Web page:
Walking holiday in Iceland

“Circle Iceland on foot and via 4x4 minibus and spend 10 nights in good quality campsites. The hike to Kristinartindar in Skaftafell National Park makes one of many natural highs.”


Keflavik | Thorsmork Valley | Seljalandsfoss, Skogafoss and Dettifoss waterfalls | 5-year-old craters and lava fields | Skaftafell National Park | Dyrholaey promontory | summit of Kristinartindar | Bakkagerdi village | Jokulsarlon glacial lagoon | Hofn | Storurd | Dyrfjoll Mountains | Hverfjall Crater | Dimmuborgir lava field | Mount Krafla | Kerlingarfjoll hot springs and mountains | Gullfoss Waterfall | Geysir | Thingvellir | Reykjavik | Optional ice climbs, glacier walks and tractor rides to isolated bird colonies |

Description of Walking holiday in Iceland

Many visitors stick to the Golden Circle in the southwest of Iceland, but this small group trekking holiday takes you on a full circuit of this diverse, spectacular country. A rugged 4x4 minibus fords glaciers and tackles tough terrain to access some of the best hiking here, and every trek is lead by an experienced local guide.

This 14-day adventure begins in the Thorsmork Valley, an area dominated by mountains and glaciers and shaped by the 2010 eruption of the Eyjafjallajokul Volcano. Then it’s off to Skaftafell National Park, home of the huge Vatnajokull Ice Cap. We also trek the mountains of the eastern fjords and the lunar-like Lake Myvatn, a landscape of pseudo craters, lava fields and hot springs. Finally, we move to Kerlingarfjoll Volcano in the central highlands and within sight of the massive Hofsjokull Ice Cap. There’s also a chance to explore the capital, Reykjavik, at the end of the trip.

We camp for 10 nights, which is a great way to get a feel for each area and takes advantage of the constant daylight in May, June and July. The hardest day is the walk to Kristinartindar from Skaftafell, which takes up to six hours, but other days involve short walks in two or three different areas, with drives in between. Each walk is fully portered.

Travel Team

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Our top tip:
Good boots, waterproofs, 3-season sleeping bags and plenty of layers are a must for keeping carry weight down and body temperatures up.
Trip type:
Small group. Avg 12. Min age 16.
Activity level:
Moderate. Mountain treks and some steep ascents.
3 nights en-suite city centre hotel, 10 nights in good-quality campsites, in 2-person tents, with showers, shared facilities and dining tent.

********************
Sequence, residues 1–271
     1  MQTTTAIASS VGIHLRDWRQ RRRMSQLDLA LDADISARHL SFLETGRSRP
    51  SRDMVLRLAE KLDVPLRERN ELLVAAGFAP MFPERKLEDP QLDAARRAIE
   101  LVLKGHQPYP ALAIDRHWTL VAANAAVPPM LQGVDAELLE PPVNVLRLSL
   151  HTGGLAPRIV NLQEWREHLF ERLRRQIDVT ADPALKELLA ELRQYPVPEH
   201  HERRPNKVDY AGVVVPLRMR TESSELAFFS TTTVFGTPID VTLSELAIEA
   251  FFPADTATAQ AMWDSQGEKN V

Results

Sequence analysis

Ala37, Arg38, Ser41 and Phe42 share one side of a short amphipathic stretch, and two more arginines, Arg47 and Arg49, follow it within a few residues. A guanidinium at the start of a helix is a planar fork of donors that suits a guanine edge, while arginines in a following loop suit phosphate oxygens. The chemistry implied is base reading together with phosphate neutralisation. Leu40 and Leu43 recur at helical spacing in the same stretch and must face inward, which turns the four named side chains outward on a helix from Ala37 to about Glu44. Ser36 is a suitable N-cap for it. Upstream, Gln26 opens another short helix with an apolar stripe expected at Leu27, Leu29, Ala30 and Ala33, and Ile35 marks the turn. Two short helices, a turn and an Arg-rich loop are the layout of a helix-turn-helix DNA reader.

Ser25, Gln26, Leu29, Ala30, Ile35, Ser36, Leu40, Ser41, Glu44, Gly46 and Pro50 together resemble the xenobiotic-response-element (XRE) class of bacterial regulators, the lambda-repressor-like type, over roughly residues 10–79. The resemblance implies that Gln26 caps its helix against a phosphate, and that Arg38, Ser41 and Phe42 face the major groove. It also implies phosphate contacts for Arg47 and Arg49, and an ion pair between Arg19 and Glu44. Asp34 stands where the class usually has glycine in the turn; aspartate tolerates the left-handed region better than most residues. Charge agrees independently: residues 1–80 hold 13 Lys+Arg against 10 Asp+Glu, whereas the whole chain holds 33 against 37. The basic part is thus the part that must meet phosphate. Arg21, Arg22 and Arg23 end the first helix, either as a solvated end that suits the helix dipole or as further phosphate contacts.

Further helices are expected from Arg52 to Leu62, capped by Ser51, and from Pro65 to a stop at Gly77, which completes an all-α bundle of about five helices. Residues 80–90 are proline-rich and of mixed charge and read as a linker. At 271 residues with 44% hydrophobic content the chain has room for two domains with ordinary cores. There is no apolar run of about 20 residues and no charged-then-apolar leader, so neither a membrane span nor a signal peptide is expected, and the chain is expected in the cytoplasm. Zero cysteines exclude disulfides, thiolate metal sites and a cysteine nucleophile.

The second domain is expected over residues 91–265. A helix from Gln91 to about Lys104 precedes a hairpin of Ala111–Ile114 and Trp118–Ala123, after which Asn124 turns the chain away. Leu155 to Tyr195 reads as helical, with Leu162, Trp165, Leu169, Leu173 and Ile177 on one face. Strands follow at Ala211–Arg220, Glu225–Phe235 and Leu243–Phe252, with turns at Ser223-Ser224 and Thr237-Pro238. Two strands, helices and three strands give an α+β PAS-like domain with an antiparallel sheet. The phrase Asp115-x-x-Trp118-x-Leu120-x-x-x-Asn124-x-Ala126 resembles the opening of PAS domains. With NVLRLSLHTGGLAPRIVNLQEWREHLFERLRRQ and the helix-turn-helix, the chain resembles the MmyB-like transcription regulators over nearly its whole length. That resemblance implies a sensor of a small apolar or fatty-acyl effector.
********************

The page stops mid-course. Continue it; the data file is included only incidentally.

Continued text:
Accommodation, transport, full porterage and tour leader.
All brks, 11 lunches, 10 dinners.
Single rooms/tents at a supp.
Holiday type

Small group holiday

Small group travel is not large group travel scaled down. It is modelled on independent travel – but with the advantage of a group leader to take care of the itinerary, accommodation and tickets, and dealing with the language. It’s easy to tick off the big sights independently – but finding those one-off experiences, local festivals, travelling markets and secret viewpoints is almost impossible for someone without the insider knowledge gained from years in the field. If you’re heading off on a gap year your, perhaps – but for those with a two-week holiday, a small group tour will save valuable planning time.

The leaders are not guides – they’re not there to shepherd you around. Instead, they’ll let you know which local restaurant serves great value food – without running the risk of travellers’ tummy. They’ll allow you to avoid hour-long queues at train stations and attractions.

We like to think of small group travel as the Goldilocks option. It is independent travel without the fuss, worry and bunk beds – and organised travel without the coaches. And it’s cheaper than a tailor made tour. It’s sits somewhere in the middle – and we think it’s just about right.

What are the main benefits?
Big experiences
Have big, life-enriching experiences that would be impossible to organise without lots of time and insider knowledge.

Make the most of your holiday time by letting someone else do the hard work and boring logistics!

Peace of mind
Small group tours take care of the security aspects – and provide a safety net should anything unexpected happen.
Who is it ideal for?
Travellers who are short of time
If you don’t have three months to spend exploring, small groups trips let you cover more ground in less time. Your days are not spent queuing for tickets or finding hotels – so you can squeeze more into your holiday.

Solo travellers who’d like company
Likeminded travel companions plus peace of mind for those travelling alone. Single supplements are usually available – providing privacy if you want it.